Gardening for the Birds
by Michelle Reynolds

It is a sad fact — habitat for birds and other wildlife is becoming more fragmented and wildlife populations are suffering due to the harm we as humans cause by moving our home and business developments farther and farther out from city centers. Ultimately, we are throwing the balance of nature out of whack. If we turn this alarming trend around and work toward becoming more ecologically responsible land stewards, would our personal actions help to restore the balance of nature? I want to be optimistic and say yes.   >> read article
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Now You Don’t
Creative ways to hide air conditioners and equipment
by June Mays

Over the past 30 years I have been snapping images of the ways gardeners hide the necessary evils – pool equipment, meters, propane tanks, air conditioners, and electric boxes. Solutions fall into three basic groups – plants, enclosures, and walls/screens. I hope some of these ideas will work for you.   >> read article
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It’s All About the Berries
by Susan Crawford

If you have ever seen a beautyberry in fruit, you are not likely to forget it. The brilliant, iridescent purple berries that cluster along the stems of Callicarpa dichotoma and C. japonica in late summer and fall will stop you in your tracks.   >> read article
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A Wonderland of Color
Add some color to that bland winter landscape
by Stephanie Knipper

Adding color to your garden in winter can be a challenge. For many gardeners, barren beds are something we learn to live with until spring. After all, our winters can be harsh with temperatures frequently dipping below freezing. Most flowering plants do not survive in these conditions. However, there are some that flourish, and even thrive, in cooler temperatures. Brightening a winter garden doesn’t have to be difficult, you just need to pick the right plants for your conditions.   >> read article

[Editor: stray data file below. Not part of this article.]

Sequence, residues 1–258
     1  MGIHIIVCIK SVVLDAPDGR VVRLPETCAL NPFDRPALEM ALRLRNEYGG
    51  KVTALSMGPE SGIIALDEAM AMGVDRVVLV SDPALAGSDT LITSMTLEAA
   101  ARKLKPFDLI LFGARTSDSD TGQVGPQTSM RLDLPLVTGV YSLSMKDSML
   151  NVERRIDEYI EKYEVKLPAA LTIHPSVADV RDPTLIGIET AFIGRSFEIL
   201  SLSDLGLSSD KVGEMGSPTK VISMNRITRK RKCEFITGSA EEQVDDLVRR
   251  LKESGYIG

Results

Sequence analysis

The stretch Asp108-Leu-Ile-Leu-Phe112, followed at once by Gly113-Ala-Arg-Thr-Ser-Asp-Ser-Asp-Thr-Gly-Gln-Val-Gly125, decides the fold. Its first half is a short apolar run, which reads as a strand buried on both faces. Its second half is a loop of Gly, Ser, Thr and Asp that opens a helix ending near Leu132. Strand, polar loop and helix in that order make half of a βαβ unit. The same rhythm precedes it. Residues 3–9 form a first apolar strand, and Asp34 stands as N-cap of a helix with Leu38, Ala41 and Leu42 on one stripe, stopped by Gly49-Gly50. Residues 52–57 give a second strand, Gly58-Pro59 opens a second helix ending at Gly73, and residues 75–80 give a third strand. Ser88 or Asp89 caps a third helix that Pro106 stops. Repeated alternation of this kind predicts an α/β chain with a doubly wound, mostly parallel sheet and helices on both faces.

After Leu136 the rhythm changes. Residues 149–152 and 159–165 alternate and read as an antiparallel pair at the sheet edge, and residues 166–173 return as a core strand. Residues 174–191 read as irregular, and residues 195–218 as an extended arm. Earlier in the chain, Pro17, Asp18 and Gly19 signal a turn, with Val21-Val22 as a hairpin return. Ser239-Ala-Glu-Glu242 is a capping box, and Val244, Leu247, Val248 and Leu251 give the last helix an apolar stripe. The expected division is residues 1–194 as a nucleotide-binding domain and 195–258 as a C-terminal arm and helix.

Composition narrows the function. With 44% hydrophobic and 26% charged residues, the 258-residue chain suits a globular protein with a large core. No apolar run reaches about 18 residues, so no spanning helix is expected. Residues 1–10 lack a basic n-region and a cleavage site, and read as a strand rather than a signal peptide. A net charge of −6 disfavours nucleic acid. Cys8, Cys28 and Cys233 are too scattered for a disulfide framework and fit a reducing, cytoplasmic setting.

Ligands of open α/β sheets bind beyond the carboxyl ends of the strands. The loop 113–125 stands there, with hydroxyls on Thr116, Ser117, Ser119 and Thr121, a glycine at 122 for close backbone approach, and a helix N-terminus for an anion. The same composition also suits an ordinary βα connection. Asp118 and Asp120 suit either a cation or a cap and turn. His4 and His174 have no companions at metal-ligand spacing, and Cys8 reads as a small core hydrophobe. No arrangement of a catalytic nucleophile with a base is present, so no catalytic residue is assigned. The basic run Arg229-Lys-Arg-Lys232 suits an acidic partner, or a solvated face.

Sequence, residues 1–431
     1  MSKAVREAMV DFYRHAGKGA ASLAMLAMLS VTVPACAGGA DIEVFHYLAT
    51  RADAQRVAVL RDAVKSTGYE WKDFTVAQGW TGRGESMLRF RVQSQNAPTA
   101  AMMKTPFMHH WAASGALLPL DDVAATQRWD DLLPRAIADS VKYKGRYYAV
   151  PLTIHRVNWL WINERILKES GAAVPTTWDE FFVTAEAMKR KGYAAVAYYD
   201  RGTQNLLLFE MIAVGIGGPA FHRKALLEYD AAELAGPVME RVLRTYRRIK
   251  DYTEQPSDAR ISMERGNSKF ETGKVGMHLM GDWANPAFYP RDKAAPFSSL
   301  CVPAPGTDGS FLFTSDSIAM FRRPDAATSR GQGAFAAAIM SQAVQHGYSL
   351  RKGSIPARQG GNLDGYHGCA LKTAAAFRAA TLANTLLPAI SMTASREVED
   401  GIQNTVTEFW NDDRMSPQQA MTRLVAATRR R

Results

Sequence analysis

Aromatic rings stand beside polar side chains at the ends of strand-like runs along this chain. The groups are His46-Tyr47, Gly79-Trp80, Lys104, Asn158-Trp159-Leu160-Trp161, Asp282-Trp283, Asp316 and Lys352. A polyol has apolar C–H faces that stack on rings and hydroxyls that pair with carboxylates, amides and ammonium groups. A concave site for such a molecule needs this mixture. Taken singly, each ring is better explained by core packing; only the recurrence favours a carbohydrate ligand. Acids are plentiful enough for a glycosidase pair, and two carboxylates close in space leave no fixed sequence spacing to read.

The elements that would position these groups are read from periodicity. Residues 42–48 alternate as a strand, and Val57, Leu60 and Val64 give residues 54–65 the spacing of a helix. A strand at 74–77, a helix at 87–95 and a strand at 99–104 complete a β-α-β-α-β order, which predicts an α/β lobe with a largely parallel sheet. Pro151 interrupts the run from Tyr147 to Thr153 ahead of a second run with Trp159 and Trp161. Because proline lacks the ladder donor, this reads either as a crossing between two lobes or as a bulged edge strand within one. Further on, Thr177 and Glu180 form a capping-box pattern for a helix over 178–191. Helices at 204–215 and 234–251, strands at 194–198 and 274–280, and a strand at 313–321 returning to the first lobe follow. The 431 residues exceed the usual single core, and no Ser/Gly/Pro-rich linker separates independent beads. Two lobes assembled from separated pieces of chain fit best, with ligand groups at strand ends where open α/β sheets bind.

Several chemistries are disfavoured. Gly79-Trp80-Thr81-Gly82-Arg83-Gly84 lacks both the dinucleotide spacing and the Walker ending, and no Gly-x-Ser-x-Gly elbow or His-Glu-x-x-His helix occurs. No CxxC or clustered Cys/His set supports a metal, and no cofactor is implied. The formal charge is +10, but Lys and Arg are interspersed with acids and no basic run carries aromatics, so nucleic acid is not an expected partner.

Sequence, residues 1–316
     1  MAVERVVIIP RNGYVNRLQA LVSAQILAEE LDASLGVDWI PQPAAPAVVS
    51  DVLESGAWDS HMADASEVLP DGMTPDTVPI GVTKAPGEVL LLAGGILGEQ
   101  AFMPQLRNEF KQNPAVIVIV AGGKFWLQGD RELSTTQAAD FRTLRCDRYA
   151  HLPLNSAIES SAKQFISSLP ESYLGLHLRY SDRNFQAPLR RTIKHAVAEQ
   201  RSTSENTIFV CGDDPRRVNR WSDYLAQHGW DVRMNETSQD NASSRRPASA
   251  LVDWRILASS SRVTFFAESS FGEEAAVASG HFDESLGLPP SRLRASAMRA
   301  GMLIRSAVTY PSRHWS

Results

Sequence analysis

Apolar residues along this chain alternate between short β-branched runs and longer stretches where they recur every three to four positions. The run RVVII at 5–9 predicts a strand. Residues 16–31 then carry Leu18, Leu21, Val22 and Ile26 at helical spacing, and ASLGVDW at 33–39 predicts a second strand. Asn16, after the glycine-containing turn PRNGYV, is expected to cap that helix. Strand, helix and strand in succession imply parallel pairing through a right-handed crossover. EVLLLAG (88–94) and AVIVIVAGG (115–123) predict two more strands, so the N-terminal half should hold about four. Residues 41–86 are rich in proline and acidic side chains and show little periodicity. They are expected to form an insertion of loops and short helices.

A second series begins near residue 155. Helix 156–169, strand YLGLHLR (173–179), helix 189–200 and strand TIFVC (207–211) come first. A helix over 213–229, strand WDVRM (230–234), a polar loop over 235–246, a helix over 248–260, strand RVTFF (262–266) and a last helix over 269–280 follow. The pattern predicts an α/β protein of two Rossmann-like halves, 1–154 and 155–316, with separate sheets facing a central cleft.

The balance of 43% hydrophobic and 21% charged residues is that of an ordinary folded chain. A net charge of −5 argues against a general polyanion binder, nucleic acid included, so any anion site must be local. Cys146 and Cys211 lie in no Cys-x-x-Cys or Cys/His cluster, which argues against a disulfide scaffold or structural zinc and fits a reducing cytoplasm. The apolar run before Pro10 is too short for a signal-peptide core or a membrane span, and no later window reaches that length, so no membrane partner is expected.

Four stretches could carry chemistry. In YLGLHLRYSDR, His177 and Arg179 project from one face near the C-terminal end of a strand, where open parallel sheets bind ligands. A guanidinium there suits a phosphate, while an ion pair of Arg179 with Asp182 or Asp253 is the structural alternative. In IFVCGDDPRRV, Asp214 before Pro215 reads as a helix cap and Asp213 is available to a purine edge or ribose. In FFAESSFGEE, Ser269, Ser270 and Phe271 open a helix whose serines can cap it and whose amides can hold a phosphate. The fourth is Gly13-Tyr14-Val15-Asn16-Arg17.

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Have Shovel, Will Travel
by Jen Nathan Orris

When Ralph Coffey decided to move his garden from Lake Norman to Asheville, N.C., he knew the 100-mile journey was a risk. He spent years cultivating his collection of unusual plants and he couldn’t imagine leaving them behind.   >> read article
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The Tall and Skinny
Gardening with columnar and fastigiate evergreens
by Les Parks

It is no secret that plants come in many shapes, sizes, and growth habits. For those of us who are fortunate enough to know the joys of gardening, we get to take advantage of this great variety when creating our own personal Eden. Two nearly identical groups of plants that are both fun to work with and practical, are columnar and fastigiate evergreens.   >> read article
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Tickseed
Coreopsis
by Peggy Hill

Interest in native plants, such as Coreopsis, continues to surge as gardeners realize their benefits. Breeders respond with a dizzying array of new cultivars, but which one is right for you? A research report issued in December 2015 by Mt. Cuba Center can help you decide. They trialed 67 different varieties of perennial coreopsis over a three-year period, and after speaking with George Coombs, research horticulturist at Mt. Cuba Center, it’s clear that only the toughest survived.   >> read article
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Spider Mites
by Douglas A. Spilker Ph.D.

The thought of spider mites can bring chills to an avid gardener, rekindling memories of the damage inflicted to a favorite plant by tiny creatures you can hardly see. Of all the pests in the urban landscape, spider mites are probably the most difficult to manage.   >> read article
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